Retropharyngeal abscesses develop in the retropharyngeal lymph nodes at the back of the pharynx, adjacent to the vertebrae. They can be seeded by infection of the pharynx, sinuses, adenoids, or nose. They occur mainly in children 1 to 8 years because the retropharyngeal lymph nodes begin to recede by 4 to 5 years. However, adults may develop infection after foreign body ingestion or after instrumentation. Common organisms include aerobic (Streptococcus and Staphylococcus species) and anaerobic (Bacteroides and Fusobacterium) bacteria and, increasingly in adults and children, HIV and tuberculosis.
The most serious consequences include airway obstruction, septic shock, rupture of the abscess into the airway resulting in aspiration pneumonia or asphyxia, mediastinitis, carotid rupture, and suppurative thrombophlebitis of the internal jugular veins (Lemierre syndrome).
Symptoms and Signs of Retropharyngeal Abscess
Symptoms and signs of a retropharyngeal abscess are usually preceded in children by an acute upper respiratory infection and in adults by foreign body ingestion or instrumentation. Children may have odynophagia, dysphagia, fever, cervical lymphadenopathy, nuchal rigidity, stridor, dyspnea, snoring or noisy breathing, and torticollis. Adults may have severe neck pain but less often have stridor. The posterior pharyngeal wall may bulge to one side.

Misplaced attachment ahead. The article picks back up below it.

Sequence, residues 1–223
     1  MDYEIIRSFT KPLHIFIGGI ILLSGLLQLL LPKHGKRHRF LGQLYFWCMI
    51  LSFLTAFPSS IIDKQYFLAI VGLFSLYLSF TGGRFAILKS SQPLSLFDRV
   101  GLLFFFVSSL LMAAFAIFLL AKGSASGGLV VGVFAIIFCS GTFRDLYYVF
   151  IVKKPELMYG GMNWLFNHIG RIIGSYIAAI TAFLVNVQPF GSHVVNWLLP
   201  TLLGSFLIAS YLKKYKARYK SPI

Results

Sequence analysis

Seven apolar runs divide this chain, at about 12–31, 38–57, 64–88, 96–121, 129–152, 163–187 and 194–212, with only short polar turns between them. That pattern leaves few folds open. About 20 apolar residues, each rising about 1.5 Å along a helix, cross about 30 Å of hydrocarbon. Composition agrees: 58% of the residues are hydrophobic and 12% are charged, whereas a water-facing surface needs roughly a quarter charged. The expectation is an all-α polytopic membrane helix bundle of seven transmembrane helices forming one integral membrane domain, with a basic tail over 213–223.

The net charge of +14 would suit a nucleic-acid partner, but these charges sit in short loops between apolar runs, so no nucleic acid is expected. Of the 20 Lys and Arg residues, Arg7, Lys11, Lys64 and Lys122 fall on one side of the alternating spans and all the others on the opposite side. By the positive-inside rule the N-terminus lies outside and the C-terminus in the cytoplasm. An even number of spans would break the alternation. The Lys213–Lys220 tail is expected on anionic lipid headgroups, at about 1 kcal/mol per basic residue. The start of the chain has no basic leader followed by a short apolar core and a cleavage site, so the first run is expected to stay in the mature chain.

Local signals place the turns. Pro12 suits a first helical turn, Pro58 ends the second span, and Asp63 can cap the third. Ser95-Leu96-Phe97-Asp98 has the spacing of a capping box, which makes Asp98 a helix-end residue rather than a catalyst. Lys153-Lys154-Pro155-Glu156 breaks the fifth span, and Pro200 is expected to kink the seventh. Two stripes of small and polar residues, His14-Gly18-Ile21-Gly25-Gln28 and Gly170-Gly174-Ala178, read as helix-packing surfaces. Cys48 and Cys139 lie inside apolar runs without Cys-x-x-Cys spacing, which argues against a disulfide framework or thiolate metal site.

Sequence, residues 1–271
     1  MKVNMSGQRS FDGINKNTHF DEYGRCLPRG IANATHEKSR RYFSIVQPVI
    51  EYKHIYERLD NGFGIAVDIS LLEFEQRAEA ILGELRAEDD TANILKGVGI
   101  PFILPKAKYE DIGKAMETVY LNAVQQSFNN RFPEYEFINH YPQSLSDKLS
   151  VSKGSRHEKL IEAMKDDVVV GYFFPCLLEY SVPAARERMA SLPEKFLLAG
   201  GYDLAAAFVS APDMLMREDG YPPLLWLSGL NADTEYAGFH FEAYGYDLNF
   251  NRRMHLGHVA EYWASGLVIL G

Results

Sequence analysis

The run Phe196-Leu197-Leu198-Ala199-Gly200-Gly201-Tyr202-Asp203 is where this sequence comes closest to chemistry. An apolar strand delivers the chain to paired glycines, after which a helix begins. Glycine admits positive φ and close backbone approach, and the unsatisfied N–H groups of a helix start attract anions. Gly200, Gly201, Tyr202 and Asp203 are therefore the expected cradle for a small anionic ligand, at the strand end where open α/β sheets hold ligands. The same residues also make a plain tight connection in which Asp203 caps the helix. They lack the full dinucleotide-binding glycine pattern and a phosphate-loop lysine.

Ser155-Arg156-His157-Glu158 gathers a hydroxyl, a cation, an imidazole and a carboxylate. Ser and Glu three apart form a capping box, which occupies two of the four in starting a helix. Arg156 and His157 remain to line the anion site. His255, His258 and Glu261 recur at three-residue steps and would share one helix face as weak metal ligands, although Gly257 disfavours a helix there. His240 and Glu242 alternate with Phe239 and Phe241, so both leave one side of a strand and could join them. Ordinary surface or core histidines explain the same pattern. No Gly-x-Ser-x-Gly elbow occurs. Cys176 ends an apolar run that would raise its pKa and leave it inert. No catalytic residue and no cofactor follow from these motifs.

Diagnosis of Retropharyngeal Abscess
A retropharyngeal abscess is suspected in patients with severe, unexplained sore throat and neck stiffness, stridor, or noisy breathing.
Lateral soft-tissue x-rays of the neck, taken in the maximum possible hyperextension and during inspiration, may show focal widening of the prevertebral soft tissues, reversal of normal cervical lordosis, air in the prevertebral soft tissues, or erosion of the adjacent vertebral body.
CT can help diagnose questionable cases, help differentiate cellulitis from an abscess, and assess extent of the abscess.
Treatment of Retropharyngeal Abscess
Antibiotics (eg, ceftriaxone, clindamycin)
Usually surgical drainage
Antibiotics, such as a broad-spectrum cephalosporin (eg, ceftriaxone 50 to 75 mg/kg IV once/day) or clindamycin, may occasionally be sufficient for children with small abscesses. However, most patients also require drainage through an incision in the posterior pharyngeal wall. Endotracheal intubation is done preoperatively and maintained for 24 to 48 hours.
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